Cheetah Robot Jumps Over Hurdles Without Slowing Down

Researchers have created new algorithms to autonomously jump over obstacles with the MIT Cheetah 2 robot.  In a leap for robot development, the MIT researchers who built a robotic cheetah have now trained it to see and jump over hurdles as it runs — making this the first four-legged robot to run and jump over obstacles autonomously.

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Image credit: Haewon Park, Patrick Wensing, and Sangbae Kim

There are now even fewer obstacles separating you from your new robotic overlords. Researchers have created a robotic cheetah that can—for the first time—autonomously detect objects and jump over them without slowing down. The team of scientists from the Massachusetts Institute of Technology (MIT) have demonstrated how the futuristic four-legged robot is able to clear half-meter (18 inch) hurdles, while moving at a speed of 5 mph, in the video below.
Before jumping over a hurdle, the robotic cheetah plans out its path in a similar way to a human runner. It estimates the height and distance of the object it’s approaching, decides on the best position to jump and exerts the force needed to leap over the object and land safely.

The team first tested the robotic cheetah’s jumping ability on a treadmill, where it was tethered in place. It was able to jump over 70 percent of the hurdles. They then tested the robot on a track, where it was able to jump over 90 percent of hurdles. The robot cheetah was able to even clear an 18-inch-tall obstacle, which is more than half of the robot’s own height.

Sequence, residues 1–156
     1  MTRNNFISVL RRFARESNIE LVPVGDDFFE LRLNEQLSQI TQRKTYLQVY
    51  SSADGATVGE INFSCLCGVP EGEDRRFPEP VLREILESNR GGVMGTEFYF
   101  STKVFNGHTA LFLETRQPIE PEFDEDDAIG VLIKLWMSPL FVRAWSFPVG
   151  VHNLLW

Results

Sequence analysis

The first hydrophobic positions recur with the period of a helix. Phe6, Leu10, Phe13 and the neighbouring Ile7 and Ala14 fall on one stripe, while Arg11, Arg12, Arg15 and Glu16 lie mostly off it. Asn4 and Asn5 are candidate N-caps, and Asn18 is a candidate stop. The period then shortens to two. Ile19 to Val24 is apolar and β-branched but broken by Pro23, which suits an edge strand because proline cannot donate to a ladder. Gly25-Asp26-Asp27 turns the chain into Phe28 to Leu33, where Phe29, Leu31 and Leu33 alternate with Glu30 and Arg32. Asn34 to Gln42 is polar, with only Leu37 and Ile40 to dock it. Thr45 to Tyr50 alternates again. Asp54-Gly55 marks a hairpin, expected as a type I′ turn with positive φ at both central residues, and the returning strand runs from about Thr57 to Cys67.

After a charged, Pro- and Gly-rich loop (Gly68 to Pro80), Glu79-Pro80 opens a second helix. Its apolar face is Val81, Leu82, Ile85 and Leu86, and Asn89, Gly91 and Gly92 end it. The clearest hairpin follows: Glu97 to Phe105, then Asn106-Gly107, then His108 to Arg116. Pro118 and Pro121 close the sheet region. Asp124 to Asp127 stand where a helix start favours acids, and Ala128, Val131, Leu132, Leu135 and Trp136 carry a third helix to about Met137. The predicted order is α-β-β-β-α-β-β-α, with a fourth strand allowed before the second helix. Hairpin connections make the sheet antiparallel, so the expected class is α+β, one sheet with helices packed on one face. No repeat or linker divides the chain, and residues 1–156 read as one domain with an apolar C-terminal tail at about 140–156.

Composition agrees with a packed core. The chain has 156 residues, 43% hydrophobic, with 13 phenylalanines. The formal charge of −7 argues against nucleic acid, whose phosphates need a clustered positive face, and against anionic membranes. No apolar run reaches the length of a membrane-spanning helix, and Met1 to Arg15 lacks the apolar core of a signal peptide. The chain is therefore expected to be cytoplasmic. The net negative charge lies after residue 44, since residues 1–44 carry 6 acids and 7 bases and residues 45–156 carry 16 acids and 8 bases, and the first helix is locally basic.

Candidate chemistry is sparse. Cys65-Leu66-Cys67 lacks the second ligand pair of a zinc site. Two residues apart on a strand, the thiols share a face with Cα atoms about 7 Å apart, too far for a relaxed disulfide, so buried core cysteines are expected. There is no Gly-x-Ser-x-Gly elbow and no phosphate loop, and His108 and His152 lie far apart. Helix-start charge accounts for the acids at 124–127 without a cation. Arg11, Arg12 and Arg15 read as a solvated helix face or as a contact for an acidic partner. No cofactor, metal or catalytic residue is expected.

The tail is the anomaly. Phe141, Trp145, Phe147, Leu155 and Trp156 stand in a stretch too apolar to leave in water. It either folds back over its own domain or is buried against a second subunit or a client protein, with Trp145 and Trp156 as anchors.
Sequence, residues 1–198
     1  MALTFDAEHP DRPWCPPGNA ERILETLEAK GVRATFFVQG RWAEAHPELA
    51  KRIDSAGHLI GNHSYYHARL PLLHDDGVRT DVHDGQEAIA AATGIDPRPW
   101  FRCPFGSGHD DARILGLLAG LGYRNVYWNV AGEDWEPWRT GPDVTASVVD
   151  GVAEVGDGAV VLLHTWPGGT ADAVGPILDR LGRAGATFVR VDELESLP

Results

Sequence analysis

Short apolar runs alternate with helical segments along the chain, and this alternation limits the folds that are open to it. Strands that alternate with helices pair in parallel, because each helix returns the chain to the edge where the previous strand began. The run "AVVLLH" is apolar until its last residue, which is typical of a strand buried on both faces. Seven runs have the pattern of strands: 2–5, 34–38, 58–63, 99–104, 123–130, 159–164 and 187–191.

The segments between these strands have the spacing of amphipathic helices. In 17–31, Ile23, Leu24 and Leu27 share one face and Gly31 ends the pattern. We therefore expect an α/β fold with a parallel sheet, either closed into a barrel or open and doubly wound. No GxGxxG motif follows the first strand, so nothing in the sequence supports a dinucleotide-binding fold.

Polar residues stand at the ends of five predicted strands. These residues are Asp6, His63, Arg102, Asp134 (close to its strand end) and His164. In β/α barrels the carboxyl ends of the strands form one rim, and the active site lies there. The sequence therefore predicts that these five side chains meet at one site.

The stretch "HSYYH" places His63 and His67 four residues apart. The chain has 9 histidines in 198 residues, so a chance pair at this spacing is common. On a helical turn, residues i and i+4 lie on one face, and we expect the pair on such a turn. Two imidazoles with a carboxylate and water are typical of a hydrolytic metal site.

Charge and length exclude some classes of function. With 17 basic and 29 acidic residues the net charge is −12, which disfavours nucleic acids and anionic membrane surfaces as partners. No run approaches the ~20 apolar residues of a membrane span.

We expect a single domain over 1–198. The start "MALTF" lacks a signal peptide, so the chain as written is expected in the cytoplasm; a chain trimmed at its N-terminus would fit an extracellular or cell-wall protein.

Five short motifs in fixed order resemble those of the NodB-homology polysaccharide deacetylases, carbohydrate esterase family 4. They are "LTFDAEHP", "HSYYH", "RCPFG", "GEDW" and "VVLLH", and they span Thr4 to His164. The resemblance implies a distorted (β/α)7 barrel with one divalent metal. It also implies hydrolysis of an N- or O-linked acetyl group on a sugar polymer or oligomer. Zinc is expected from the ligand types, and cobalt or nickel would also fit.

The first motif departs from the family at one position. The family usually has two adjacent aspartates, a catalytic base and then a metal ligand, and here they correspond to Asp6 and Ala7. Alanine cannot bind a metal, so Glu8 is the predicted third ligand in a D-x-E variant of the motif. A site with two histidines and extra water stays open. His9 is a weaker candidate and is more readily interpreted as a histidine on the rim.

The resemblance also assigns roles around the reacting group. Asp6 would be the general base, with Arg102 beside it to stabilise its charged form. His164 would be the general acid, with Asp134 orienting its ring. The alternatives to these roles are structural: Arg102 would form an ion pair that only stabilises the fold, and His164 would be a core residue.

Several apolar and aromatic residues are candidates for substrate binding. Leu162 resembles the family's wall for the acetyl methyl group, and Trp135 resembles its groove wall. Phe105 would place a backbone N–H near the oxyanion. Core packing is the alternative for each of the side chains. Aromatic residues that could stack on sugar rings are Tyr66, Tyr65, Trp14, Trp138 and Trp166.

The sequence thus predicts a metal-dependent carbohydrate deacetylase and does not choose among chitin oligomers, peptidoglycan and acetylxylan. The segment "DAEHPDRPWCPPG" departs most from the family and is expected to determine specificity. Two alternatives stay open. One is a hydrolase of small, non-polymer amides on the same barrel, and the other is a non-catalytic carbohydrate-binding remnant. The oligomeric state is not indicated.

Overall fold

“A running jump is a truly dynamic behavior. You have to manage balance and energy, and be able to handle impact after landing. Our robot is specifically designed for those highly dynamic behaviors,” said Sangbae Kim, an assistant professor of mechanical engineering at MIT, in a statement.
The latest robotic cheetah is a significant upgrade to the last design as it now possesses a visual system that allows it to "see." The data collected from this vision is fed into a three-part algorithm that allows the robot to plan out its path, gaining full autonomous control.
Researchers will continue to work on the cheetah robot, testing it on more complex environments like grass. It will also be entered into the DARPA Robotics Challenge for a chance to win the $3.5 million prize money.


Full text of the article in the IFL Science and MIT News.